After quitting our jobs in the summer of 2003, Alison and I packed up and toured the country for 3 months. I attended the American Association of Physics Teachers meeting for the first time. At the meeting, in Madison, WI, I attended sessions about energy and met several teachers and professors interested in the social meanings of energy production and use. After the trip, I recalled this and thought of starting a web site where people could access the same kind of information and collegiality I found in those workshops at the summer meeting. Mulling it over, I stayed up late, scribbled "TeachEnergy.org" on a paper and fell asleep. The next day thinking it over, realized EnergyTeachers.org sounded a bit less imperative and closer to the idea.
Within a month I had created a web page with links. But I was (prematurely?) proud of a section called Teachers Goals, where I organized a sort of frequently asked questions section. Teachers Goals was meant to answer questions like "What can our after-school group do to investigate energy?" Once I had gathered a few dozen ideas, I published a printed newsletter and started handing it out at conferences and meetings, and started sending it to teachers I knew to be interested in energy.
Several months later I met Stephen Cremer at a New England Section AAPT conference, and he offered to support the effort, so he, I, and Beth Bounds, another teacher I knew, formed a board and a new non-profit corporation.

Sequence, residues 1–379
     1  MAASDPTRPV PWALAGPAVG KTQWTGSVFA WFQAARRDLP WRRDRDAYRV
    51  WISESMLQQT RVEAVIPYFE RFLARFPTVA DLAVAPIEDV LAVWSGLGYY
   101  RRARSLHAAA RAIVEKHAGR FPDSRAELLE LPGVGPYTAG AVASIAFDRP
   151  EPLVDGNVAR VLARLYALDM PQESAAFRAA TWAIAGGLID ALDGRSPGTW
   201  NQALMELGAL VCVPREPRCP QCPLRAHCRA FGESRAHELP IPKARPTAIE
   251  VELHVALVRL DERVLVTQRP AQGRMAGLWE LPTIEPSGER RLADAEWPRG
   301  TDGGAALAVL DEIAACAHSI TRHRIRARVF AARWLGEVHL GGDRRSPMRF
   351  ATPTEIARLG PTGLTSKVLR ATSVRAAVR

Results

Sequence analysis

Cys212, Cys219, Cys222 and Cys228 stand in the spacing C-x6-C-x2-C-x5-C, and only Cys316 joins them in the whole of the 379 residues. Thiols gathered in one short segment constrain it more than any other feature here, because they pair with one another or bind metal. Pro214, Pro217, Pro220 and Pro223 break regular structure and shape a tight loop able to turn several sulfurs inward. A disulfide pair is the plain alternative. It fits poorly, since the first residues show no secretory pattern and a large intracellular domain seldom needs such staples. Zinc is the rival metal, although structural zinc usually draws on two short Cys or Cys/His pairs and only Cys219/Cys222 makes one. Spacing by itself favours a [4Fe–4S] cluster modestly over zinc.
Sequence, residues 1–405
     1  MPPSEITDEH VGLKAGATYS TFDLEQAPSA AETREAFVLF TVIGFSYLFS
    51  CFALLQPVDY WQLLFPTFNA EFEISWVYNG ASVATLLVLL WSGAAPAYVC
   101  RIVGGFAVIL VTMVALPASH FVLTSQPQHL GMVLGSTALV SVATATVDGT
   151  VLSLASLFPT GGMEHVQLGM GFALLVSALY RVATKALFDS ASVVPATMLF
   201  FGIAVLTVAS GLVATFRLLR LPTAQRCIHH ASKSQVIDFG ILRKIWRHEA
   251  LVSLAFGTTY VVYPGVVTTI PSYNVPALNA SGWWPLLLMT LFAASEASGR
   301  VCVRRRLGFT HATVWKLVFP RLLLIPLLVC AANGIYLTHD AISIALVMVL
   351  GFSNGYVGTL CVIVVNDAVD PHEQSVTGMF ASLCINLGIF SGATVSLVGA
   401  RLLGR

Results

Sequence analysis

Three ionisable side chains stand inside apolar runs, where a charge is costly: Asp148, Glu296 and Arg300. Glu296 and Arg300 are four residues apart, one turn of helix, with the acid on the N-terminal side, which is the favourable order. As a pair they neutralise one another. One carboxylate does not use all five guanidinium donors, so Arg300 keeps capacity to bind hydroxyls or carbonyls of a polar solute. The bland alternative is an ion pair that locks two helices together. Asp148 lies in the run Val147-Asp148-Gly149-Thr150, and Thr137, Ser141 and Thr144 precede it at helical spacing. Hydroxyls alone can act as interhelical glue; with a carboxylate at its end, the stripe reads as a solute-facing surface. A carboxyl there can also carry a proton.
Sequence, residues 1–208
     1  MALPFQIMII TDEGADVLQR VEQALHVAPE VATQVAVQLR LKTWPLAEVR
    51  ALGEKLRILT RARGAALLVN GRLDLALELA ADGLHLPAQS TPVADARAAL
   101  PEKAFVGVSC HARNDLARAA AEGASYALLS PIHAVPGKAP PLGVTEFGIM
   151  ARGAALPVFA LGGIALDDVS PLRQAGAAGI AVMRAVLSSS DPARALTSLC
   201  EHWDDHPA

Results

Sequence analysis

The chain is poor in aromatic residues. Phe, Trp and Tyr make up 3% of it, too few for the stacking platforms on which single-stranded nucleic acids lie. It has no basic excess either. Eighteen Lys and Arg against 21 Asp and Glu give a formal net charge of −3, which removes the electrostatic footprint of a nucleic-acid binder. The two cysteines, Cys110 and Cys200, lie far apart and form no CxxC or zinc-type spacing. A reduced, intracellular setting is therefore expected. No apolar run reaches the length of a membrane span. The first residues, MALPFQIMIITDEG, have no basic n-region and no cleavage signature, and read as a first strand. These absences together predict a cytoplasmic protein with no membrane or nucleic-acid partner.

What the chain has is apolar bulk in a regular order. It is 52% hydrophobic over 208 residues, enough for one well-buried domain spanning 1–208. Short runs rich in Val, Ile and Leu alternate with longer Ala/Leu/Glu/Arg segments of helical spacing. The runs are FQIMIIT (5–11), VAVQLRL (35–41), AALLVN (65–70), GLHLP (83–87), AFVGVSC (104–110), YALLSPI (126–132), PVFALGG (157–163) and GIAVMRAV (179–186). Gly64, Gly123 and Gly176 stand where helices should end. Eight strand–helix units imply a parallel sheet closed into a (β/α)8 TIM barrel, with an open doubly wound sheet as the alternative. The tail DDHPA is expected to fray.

Frequently Asked Questions
- Is EnergyTeachers.org only for high school teachers?
- No, we have middle school teachers, college professors, elementary teachers, workers at museums and nature centers, home-schoolers, and other informal educators.
- Is EnergyTeacehrs.org promoting renewable or alternative energy?
- No, we are promoting education and science. We don't lobby. You might notice that many of the resources we list do promote this or that energy use or resource, but we haven't developed our own promotions. That said, just to consider a question worthwhile can be counted as a bias, especially since some scientific questions can make some people uncomfortable.
- Is EnergyTeachers.org only for science teachers?
- No, our work is most popular among physical and environmental science teachers and tech teachers, but we also have history educators, economics educators, engineers.
I've built the web site using Dreamweaver since the first month.
I use PHP and MySQL to make most of the pages dynamic. The information for some sections can be entered by unauthenticated users, with a wall of ReCaptcha. Other sections are edited in an password-protected interface.
I've used layers of standard and customized security, contact me for more info if you're interested.
By using linking tables in MySQL, most any type of information is related to the Links topics, and there are other relationships too. Links<>Workshops, Projects>Documents, Projects>Bibliography, Field Trips<>Features, Web sites>Field Trips.
I built an interface to Google Maps so that a map of nearby field trip sites shows up in the field trip guide. A database of US placenames allows me to get the coordinates of any named place (cities, villages, towns, and neighborhoods) in the US.